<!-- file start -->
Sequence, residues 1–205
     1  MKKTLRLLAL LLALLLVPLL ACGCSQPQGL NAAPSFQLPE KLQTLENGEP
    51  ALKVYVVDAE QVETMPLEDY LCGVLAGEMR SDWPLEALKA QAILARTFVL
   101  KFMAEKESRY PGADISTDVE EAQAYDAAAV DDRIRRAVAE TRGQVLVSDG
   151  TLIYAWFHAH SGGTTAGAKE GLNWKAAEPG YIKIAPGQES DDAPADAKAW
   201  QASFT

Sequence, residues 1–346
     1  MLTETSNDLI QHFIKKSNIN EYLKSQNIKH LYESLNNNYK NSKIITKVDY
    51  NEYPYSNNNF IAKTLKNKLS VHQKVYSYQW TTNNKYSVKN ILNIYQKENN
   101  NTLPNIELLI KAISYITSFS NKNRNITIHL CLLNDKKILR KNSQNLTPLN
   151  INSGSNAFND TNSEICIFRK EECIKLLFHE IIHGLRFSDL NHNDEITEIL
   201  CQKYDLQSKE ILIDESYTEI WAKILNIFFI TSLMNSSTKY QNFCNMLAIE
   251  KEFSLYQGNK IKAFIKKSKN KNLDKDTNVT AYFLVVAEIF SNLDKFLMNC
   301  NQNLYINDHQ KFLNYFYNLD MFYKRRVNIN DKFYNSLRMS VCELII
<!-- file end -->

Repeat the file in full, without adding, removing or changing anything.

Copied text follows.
Sequence, residues 1–205
     1  MKKTLRLLAL LLALLLVPLL ACGCSQPQGL NAAPSFQLPE KLQTLENGEP
    51  ALKVYVVDAE QVETMPLEDY LCGVLAGEMR SDWPLEALKA QAILARTFVL
   101  KFMAEKESRY PGADISTDVE EAQAYDAAAV DDRIRRAVAE TRGQVLVSDG
   151  TLIYAWFHAH SGGTTAGAKE GLNWKAAEPG YIKIAPGQES DDAPADAKAW
   201  QASFT

Sequence, residues 1–346
     1  MLTETSNDLI QHFIKKSNIN EYLKSQNIKH LYESLNNNYK NSKIITKVDY
    51  NEYPYSNNNF IAKTLKNKLS VHQKVYSYQW TTNNKYSVKN ILNIYQKENN
   101  NTLPNIELLI KAISYITSFS NKNRNITIHL CLLNDKKILR KNSQNLTPLN
   151  INSGSNAFND TNSEICIFRK EECIKLLFHE IIHGLRFSDL NHNDEITEIL
   201  CQKYDLQSKE ILIDESYTEI WAKILNIFFI TSLMNSSTKY QNFCNMLAIE
   251  KEFSLYQGNK IKAFIKKSKN KNLDKDTNVT AYFLVVAEIF SNLDKFLMNC
   301  NQNLYINDHQ KFLNYFYNLD MFYKRRVNIN DKFYNSLRMS VCELII